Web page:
Tuesday, April 11, 2017

Coaching for Impact with Samantha Bennett

I had the pleasure of learning from the highly engaging, super positive Samantha Bennett at my local CESA this week. I saw Sam speak at WSRA last spring and was thrilled to learn from her again. She did not disappoint.

We began the day by asking questions, making connections and reflecting on three learning targets Sam had for us. They were...
  • I can articulate my beliefs about what matters most to teacher learning that impacts student learning.
    • I can support my beliefs with best-practice theory/research.
    • I can describe how my use of time aligns with my beliefs.
  • I can use research to analyze a professional development experience.
  • I can (re)design a learning experience for a teacher, a PLC, a school, or a district meeting that puts what matters MOST (backed by research) 'to work'.

We then spent some time reading pieces of articles and research that Sam has found helpful in her practice. She stressed the importance to know who "has your back". During the readings we looked for connections to our beliefs. I chose to read an excerpt from Professional Capital: Transforming Teaching in Every School by Andy Hargreaves and Michael Fullen. I had read this book when it first came out and enjoyed reading through this passage. What really resonated with me was the following quote, "The more the student becomes the teacher and the more the teacher becomes the learner then the more successful the outcome." We must think about who is doing the work. Our students should be working harder than us and we should be spending the majority of the time observing and coaching them.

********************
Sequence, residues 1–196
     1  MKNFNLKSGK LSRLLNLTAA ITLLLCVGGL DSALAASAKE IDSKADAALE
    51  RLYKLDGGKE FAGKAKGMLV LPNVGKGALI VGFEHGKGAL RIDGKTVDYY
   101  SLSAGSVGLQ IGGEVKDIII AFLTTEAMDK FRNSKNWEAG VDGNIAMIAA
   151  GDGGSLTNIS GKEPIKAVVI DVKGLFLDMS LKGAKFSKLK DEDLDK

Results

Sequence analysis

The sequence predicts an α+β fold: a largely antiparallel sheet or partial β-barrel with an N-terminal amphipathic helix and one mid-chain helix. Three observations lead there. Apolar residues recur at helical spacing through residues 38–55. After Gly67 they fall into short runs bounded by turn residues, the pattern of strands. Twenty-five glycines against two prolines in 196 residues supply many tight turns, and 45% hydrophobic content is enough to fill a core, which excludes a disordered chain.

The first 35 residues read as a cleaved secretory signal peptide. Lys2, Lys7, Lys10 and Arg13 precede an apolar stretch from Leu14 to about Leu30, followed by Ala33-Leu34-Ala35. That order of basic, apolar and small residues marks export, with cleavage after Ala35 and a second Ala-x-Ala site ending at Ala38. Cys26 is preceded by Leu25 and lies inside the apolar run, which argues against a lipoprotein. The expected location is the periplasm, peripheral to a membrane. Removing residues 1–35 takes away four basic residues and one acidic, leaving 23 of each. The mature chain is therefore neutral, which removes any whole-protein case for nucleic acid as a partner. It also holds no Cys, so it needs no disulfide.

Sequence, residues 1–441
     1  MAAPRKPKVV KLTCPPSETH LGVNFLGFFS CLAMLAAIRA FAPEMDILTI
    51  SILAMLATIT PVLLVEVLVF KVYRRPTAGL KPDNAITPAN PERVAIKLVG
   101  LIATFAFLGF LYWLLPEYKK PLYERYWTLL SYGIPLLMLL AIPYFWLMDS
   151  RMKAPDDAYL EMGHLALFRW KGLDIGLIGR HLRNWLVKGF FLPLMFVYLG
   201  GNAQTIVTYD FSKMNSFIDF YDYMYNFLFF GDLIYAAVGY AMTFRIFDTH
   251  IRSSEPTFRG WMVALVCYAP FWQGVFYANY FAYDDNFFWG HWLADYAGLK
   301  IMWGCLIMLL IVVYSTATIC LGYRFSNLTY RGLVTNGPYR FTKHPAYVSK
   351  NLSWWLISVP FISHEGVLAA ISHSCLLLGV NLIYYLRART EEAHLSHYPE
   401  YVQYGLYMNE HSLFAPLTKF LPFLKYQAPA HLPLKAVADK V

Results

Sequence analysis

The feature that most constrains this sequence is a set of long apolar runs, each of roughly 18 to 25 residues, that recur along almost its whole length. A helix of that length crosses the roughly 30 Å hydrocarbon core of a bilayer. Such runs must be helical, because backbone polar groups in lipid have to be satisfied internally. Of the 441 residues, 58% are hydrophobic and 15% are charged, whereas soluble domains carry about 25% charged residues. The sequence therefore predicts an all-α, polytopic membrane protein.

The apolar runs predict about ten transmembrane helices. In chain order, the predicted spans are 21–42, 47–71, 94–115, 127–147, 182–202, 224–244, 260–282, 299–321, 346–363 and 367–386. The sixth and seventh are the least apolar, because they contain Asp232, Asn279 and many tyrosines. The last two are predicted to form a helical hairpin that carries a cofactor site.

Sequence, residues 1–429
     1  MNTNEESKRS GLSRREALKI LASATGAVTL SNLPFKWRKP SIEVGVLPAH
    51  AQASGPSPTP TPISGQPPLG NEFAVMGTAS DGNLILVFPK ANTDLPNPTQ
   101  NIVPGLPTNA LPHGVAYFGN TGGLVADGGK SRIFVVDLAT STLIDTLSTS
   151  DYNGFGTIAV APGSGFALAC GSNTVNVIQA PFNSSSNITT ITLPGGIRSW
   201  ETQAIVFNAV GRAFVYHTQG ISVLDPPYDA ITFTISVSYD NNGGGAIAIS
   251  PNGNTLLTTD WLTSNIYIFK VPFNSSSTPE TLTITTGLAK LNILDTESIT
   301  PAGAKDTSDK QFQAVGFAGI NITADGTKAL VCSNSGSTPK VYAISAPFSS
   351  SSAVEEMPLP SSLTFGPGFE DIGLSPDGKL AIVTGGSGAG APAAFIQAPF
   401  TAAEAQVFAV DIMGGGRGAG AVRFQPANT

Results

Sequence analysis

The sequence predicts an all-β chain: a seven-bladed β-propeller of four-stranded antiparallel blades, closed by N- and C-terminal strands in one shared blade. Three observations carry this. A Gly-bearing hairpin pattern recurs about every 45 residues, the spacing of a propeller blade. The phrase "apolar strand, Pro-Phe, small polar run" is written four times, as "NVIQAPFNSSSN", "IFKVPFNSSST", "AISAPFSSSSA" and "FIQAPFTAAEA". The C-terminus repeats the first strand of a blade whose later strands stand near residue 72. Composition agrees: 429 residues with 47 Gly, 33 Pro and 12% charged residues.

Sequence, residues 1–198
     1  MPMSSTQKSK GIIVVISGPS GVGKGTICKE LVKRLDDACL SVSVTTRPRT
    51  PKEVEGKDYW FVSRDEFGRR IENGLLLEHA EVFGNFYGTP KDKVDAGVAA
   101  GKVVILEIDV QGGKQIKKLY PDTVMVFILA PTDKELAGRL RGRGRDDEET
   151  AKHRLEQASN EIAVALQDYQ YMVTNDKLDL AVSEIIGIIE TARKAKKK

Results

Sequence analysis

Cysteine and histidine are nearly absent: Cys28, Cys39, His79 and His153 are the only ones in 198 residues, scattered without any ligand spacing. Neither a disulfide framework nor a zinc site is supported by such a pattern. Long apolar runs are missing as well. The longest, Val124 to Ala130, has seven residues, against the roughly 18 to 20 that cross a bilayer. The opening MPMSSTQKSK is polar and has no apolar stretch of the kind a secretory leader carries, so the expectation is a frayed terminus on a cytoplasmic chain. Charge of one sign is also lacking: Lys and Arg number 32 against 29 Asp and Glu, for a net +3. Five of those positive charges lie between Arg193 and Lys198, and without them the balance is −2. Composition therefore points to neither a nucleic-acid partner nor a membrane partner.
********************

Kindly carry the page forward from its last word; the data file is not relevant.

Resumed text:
Sam then walked us her learning lab experience. It involved 8 steps which we jigsawed. Sam begins the lab with a prep email and then the host teacher writes a context letter back to Sam. The next steps include an observation, a response letter, co-planning, day 2 lab in which a group of teachers comes in to observe student learning, another response letter, teacher reflection on lab experience and then ripples are hopefully occurring due to the experience. One key component of this work is to get the teacher focusing on spending 2/3 of the workshop time with students engaged in their work. 

I look forward to infusing Sam's ideas for learning labs with Diane Sweeney's ideas for student-centered learning labs next year as we continue to use them as part of our professional development.

Tuesday, February 14, 2017

Student-Centered Learning Lab

This week I facilitated my first student-centered learning lab with our 4th and 5th grade staff. I have been a part of learning labs before both as the host teacher and as an observer, but being a facilitator is very new to me.